The financial advisory industry is evolving, with client demands shifting and substantial demographic changes underway. Today’s investors expect financial advisors to incorporate digital technologies into their client experience and business practices: according to a study by Ernst & Young, 53% of investors report digital channels and self-service capabilities are the primary factors influencing their advising experience. In conjunction with this trend, client demographics are shifting significantly, with 10,000 baby boomers reaching retirement age each day—spurring increasing demand for advisors.
To remain competitive, financial advisors should tap into innovative technologies, including customer relationship management tools (CRM). This digital solution can enable advisors to better position themselves to meet client expectations, take on the challenges of a growing retiree population and continue to grow their businesses.
Investor Needs are Expanding and Evolving
Investors today are looking for holistic and transparent financial advice, specifically tailored to their individual needs and goals and 28% percent of clients, according to the same study referenced above by Ernst & Young, report fee and performance clarity, including real-time portfolio updates, as the main drivers of trust in an advisor. As part of this desire for holistic advice, clients expect face-time with their financial advisor, whether in-person or using a digital format such as video chat. Given that advisor-investor relationships are built on trust, it’s crucial that advisors carve out sufficient time to speak with their clients face to face. This helps to establish critical rapport and investor confidence.
Adding to the shift in investor preferences, a significant demographic transition is taking place. As life expectancy increases and baby boomers continue to retire, there will be growing demand for financial planning services. In the next decade, the industry is projected to grow 15%, driven in part by the fact that baby boomers control the vast majority of wealth in the U.S. (82% by one estimate). Digital solutions, such as CRMs, can help advisors take on the challenges of a burgeoning retiree cohort, address new investor expectations and provide an excellent customer experience.
CRMs can Enhance Advisor Impact
According to industry research firm Cerulli Associates, advisors spend more than 20% of their workweek on administrative tasks, taking away precious time that could be spent with clients. Harnessing key features of CRMs, such as auto-populating forms, grouping clients into different workflows to customize messaging, and tracking prior conversations, can help to minimize human error and alleviate administrative burdens—leaving advisors more time to interact with clients face-to-face.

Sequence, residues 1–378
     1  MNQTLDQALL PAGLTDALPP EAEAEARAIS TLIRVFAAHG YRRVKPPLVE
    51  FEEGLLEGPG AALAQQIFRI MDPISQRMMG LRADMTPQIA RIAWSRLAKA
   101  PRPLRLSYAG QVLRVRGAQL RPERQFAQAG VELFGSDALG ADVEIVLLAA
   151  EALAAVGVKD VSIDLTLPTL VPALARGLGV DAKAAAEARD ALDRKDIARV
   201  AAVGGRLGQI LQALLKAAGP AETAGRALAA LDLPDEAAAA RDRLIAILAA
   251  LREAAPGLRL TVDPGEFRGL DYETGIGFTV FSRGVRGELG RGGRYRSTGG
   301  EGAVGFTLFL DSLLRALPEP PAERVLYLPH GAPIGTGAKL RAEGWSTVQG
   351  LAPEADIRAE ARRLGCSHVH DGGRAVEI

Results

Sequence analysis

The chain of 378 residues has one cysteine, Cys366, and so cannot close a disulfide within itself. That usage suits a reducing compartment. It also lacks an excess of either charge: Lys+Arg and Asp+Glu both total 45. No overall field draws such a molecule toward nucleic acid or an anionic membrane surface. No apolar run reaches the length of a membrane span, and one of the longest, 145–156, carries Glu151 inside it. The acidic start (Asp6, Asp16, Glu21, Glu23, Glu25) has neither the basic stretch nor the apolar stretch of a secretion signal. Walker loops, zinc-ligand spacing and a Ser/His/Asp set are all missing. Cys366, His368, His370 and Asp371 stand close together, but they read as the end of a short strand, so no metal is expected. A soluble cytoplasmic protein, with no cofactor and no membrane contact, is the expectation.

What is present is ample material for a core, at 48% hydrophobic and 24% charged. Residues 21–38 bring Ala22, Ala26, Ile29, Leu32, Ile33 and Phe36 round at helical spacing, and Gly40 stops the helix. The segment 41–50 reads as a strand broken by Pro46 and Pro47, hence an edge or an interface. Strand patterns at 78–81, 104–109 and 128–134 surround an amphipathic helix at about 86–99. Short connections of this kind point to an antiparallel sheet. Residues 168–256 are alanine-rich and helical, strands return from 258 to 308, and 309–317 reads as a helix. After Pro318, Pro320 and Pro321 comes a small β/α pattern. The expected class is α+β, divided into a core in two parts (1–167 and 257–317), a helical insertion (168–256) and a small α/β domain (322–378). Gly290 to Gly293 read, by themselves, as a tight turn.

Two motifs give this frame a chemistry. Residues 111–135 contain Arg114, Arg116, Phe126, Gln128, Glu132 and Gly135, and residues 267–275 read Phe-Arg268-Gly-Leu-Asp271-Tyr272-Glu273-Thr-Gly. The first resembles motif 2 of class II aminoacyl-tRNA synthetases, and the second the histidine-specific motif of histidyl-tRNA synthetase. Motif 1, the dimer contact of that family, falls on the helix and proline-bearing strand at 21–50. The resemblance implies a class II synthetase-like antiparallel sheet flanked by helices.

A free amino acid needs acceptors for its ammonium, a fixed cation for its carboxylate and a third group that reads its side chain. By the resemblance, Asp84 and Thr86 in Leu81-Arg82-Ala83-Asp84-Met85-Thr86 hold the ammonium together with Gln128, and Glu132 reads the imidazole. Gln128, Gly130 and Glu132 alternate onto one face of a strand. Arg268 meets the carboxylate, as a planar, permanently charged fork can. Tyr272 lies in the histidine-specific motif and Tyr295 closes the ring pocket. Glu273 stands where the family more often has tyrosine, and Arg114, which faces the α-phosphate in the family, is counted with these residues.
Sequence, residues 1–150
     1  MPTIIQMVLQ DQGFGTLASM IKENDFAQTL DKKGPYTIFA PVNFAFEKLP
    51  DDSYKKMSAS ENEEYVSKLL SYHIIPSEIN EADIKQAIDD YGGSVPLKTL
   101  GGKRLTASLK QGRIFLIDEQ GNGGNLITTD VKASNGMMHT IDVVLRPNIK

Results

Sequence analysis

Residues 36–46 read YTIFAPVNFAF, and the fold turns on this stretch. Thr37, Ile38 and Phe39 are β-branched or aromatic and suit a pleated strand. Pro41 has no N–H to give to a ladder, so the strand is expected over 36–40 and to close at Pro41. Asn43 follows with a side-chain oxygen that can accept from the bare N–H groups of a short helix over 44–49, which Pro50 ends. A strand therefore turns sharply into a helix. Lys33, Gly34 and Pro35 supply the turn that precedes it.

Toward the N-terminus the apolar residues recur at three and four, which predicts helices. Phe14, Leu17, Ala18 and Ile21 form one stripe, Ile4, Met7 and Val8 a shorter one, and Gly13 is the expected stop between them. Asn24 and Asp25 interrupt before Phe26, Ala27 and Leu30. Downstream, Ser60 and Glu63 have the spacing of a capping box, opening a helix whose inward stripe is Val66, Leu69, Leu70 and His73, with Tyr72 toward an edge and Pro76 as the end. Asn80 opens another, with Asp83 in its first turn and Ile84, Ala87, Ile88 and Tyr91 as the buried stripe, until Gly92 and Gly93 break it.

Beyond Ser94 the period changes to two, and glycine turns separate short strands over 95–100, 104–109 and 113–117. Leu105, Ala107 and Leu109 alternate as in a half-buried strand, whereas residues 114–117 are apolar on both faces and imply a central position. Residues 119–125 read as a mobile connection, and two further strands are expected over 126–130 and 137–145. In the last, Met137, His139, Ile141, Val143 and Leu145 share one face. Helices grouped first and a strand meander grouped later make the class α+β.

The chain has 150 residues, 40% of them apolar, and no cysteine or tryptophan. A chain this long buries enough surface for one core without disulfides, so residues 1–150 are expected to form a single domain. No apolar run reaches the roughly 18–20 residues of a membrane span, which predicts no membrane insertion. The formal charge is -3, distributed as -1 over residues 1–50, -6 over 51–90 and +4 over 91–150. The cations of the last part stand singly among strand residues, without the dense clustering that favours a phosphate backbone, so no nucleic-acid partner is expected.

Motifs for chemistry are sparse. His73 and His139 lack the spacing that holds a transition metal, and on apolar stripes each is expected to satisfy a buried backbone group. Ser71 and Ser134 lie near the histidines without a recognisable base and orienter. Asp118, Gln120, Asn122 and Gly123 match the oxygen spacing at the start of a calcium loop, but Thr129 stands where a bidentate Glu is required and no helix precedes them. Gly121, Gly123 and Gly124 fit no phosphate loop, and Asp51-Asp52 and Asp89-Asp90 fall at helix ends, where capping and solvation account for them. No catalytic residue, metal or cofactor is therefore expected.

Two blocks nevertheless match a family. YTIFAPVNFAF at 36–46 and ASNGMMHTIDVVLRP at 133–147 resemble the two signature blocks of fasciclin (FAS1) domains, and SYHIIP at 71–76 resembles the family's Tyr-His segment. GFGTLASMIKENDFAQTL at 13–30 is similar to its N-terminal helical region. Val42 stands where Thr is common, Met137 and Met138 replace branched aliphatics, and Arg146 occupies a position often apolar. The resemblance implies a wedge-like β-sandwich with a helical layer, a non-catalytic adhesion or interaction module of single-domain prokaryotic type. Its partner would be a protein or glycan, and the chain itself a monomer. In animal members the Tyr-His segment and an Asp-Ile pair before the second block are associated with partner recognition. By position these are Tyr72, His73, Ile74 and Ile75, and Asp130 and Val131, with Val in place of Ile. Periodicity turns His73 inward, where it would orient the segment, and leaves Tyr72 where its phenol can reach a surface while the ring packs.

CRMs also better position advisors to scale their businesses, which is a growing priority given the increasing pressures on advisors as baby boomers retire. By streamlining the client onboarding process, while simultaneously improving client account management, CRMs help advisors to manage more clients with greater efficiency. AssetMark’s internal testing shows that opening client accounts with CRMs can be significantly faster than inputting the information manually as the average search and import time with certain CRMs is 30 seconds, compared to about four minutes inputting the information by hand.
Just as baby boomers comprise a significant portion of the U.S. population, they also make up a considerable proportion of the advisor community, with 41% of advisors aged 55 years or older. Despite this demographic skew, a recent study by the Financial Planning Association in partnership with Janus Henderson Investors reveals that 73% of financial advisors don’t have a succession plan, among which 60% are within five years of retirement. Given these alarming statistics, it’s imperative that advisors formulate plans for how they’re going to navigate this transition. CRMs can play a key role in succession planning by enabling smoother client transfers between advisors. Serving as a centralized information hub, CRMs allow advisors to view client information, as well as prior conversations and investing decisions, helping them get up-to-speed on new client accounts quickly and efficiently.
Advisors today are under considerable pressure to adapt to a changing industry landscape defined by shifting investor expectations and growing demographic demands. By leveraging the capabilities of CRMs, advisors can tap into a powerful tool to help turn these challenges into opportunities – allowing them to focus their efforts on providing the holistic financial advice their clients want, while simultaneously scaling their businesses.
Carrie Hansen is EVP and COO at AssetMark, Inc., an SEC-registered investment advisor.